Good Walls, Good Neighbors

Harvard Needs to Lend Some Help to Overcrowded Students

When I first arrived at Harvard as a transfer student, I was given a key to New Quincy room 305. I entered the suite expectantly, surveyed the large, open and dusty common room, and climbed the stairs, Bedroom A was occupied. As was bedroom B, C and D. A sudden sense of discomfort gripped me. Where, then, was I to live? "In the common room, I guess," was the answer I got from Scott, one of my new roommates. And so for ten days, I slept on a bed in the common room, with no furniture, no privacy and no quiet.

Fortunately, a chance vacancy in another suite provided me with a room for the year, but if the former occupant hadn't run into a wee bit of academic trouble I would have been faced with the dubious and expensive proposition of building a partition.

My situation is not unique. Every year a large number of students are placed in just such a dilemma. The problem itself is understandable. In order to accommodate a population larger than the number of available bedrooms, Harvard must jump up and down on the suitcase, so to speak. When this manifests itself as bedrooms used by more people than they were designed for, the situation may be cramped and crowded, but at least it's acceptable.

And often a student can make the choice between living in a cramped bedroom or a common room. However, there are many situations in which bedrooms simply can't reasonably accommodate more students (this often happens in the case of "n minus one" rooms), and it is then that hapless individuals are stuck in common rooms and left to flounder. Harvard is doing an inexcusable disservice to its tenants, who have no choice but to pay thousands for a room and then hope for the best.

The problem with common rooms is best realized simply by looking at them. To begin with, they almost always open in several directions. At least, they contain a main entrance and a passageway to the rest of the suite (as in New Quincy). At worst, they contain the main entrance, the door to the bathroom and the door to each bedroom (as in Adams).

To gain privacy, a common room occupant must build a partition. But this is an expensive and time consuming proposition. First, students must obtain permission from the Master's office to build. Then, they must acquire the materials and construct it themselves, or hire an outside contractor to do it for them. For the mechanically inclined, the cost of materials itself can be high, in the hundreds of dollars. But those who must hire another to build for them may pay as much as $800 for their privacy.

And once the partition is built, the occupant must still deal with common room noise.

Unfortunately, until Harvard gets around to building another House or two, students will have to remain in common rooms. What Harvard can and should do right now, however, is to become much more supportive of these students. Quite simply, the university needs to subsidize the construction of partitions. At the very least, the university should provide easily accessible advice on how to build partitions. This should include direct contact with Harvard employees who can instruct students on how to go about the process of construction.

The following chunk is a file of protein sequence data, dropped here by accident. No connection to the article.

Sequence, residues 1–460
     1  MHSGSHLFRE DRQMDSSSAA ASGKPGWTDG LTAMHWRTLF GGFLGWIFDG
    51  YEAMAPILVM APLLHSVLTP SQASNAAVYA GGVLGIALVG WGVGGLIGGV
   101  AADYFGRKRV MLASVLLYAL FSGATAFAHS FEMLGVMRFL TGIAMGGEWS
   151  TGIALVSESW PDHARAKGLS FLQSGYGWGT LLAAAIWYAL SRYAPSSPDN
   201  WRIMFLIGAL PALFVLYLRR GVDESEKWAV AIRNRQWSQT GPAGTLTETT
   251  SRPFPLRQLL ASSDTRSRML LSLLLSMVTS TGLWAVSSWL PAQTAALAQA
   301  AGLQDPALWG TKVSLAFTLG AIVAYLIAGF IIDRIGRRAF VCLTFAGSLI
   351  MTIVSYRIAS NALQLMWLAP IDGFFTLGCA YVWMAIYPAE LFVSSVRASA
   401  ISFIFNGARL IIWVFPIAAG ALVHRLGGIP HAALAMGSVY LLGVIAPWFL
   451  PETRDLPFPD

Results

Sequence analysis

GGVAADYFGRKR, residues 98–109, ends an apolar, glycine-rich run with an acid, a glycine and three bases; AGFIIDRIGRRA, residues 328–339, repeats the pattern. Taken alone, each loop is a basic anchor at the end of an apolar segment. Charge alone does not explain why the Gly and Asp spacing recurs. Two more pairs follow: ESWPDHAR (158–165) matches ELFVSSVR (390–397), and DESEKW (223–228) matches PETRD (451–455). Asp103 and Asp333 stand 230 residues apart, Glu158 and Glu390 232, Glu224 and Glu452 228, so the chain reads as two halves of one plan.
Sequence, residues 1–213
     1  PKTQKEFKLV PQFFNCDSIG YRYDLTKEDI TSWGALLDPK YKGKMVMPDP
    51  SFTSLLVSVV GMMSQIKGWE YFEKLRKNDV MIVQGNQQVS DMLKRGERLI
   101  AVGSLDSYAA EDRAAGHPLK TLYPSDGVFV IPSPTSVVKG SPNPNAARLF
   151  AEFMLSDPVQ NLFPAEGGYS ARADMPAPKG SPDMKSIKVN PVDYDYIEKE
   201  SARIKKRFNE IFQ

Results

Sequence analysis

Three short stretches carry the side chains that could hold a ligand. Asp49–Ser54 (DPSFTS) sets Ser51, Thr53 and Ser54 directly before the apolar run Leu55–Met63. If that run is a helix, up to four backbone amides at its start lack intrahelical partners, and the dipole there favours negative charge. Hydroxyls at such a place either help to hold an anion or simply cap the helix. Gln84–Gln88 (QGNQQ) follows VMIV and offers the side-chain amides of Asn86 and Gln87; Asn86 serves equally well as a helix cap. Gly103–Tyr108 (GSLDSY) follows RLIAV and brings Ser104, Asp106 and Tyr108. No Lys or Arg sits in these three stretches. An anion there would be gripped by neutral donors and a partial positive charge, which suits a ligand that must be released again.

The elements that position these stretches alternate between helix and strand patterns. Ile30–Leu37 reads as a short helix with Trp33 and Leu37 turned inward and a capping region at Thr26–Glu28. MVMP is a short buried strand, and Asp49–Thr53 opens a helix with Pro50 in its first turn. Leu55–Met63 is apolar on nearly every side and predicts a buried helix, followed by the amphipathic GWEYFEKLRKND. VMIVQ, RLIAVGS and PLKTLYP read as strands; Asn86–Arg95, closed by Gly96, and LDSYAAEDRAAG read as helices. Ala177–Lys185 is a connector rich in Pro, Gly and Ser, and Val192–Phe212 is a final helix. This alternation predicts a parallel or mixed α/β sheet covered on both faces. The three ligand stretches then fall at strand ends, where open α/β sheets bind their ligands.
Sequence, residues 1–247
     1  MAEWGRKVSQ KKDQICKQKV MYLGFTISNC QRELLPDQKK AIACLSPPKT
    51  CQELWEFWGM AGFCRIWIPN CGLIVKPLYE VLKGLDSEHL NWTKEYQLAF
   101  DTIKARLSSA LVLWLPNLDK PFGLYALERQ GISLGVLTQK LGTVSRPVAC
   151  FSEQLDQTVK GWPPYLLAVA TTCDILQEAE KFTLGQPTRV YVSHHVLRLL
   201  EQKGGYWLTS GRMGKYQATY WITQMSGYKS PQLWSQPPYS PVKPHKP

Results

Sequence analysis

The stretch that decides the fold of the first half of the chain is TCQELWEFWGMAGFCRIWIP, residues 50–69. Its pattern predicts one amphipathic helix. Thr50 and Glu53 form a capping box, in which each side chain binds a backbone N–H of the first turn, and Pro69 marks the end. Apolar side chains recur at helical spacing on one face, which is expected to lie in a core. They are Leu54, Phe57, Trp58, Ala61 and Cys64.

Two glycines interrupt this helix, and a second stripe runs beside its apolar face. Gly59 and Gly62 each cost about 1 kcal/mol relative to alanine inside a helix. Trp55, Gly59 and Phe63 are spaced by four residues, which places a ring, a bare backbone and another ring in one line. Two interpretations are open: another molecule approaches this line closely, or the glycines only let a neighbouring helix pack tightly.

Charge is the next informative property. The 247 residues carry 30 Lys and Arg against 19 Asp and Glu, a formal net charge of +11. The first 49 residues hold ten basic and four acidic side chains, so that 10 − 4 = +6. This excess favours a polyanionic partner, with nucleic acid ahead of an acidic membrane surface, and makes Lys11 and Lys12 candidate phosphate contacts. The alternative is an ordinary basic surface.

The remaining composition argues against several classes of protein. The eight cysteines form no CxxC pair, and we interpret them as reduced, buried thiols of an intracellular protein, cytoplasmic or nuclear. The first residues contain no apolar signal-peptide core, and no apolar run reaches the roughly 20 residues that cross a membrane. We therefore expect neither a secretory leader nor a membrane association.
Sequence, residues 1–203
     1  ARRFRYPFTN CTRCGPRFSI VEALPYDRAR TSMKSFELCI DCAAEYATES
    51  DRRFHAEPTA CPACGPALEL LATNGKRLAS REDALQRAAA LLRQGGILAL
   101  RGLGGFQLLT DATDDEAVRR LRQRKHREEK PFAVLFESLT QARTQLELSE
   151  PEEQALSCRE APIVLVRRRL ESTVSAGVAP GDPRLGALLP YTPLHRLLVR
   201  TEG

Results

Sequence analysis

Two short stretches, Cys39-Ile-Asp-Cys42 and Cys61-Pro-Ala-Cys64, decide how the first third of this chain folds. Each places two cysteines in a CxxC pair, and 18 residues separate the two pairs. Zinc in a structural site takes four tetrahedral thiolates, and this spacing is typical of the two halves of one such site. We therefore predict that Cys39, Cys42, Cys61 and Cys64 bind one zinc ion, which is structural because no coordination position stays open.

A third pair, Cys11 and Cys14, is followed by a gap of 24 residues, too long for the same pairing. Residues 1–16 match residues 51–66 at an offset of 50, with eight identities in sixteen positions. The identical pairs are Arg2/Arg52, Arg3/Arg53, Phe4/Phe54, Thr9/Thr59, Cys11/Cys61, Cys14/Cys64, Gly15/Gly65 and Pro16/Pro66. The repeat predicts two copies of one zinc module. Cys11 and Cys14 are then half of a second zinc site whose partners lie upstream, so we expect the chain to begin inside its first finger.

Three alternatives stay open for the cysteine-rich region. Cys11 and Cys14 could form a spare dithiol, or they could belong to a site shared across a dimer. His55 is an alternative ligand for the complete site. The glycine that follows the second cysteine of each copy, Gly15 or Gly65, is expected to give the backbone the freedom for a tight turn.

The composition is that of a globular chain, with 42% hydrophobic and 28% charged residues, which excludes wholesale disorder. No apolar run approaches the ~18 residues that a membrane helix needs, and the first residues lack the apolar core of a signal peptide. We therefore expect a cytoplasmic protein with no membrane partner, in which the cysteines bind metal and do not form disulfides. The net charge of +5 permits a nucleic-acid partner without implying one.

Thomas A. Dingman '67, who is associate dean of housing as well as Allston Burr senior tutor of Dudley House, argues that partition subsidies would inevitably get passed on to the Harvard population in the from of higher housing costs and that this would be unfair to students in general.

But I would contend the reserve; that it is unfair to make certain students who have the bad luck to wind up in common rooms bear the entire cost of partitioning. In fact, a small increase in our housing bill might be the just and equitable thing to do. Dean Dingman also suggests that if Harvard started to remedy this particular type of housing discrepancy it would be deluged by student complaints demanding compensation for other types of inequalities. However, it is better for Harvard to have to pick and choose which students to compensate rather than to compensate no one for the sake of simplicity.

What Dean Dingman and I do agree upon, though, is that Harvard could become more helpful, if not more financially accountable, to students placed in bad housing situations.

One solution he mentions lies in the realm of the Master's office. Houses often have more real estate available for undergraduates than they choose to utilize. This space, often given to visiting scholars and other non-students, can be used to ease a housing crunch.

Dean Dingman also mentions that his office maintains overflow housing in Apley Court to ease overcrowding. Finally, he says that the superintendent of each House should be a "resource" to students in terms of where to find construction materials and how to build their partitions.

However, the first two of these solutions are largely out of the control of the students, and while they may act to prevent overcrowding they do not remedy it once it occurs. And most superintendents hardly go out of their way to make themselves available. I know students who have had to bug their supers for weeks before getting basic pieces of furniture that weren't in their rooms at the beginning of the year, let alone any sort of advice.

Which is why Harvard still has a way to go before it treats its tenants fairly. The university should subsidize partitions. If it refuses to do so, the least it can do is be more vocal and active in providing support and assistance to those students who absolutely need partitions, and also to those who would like to build them in order to gain a little more space, privacy, and sanity. A pamphlet giving information on partitions would be a nice thing to find in our mailboxes on the first day of school, and would be a good start towards fixing the faults in Harvard's housing policy.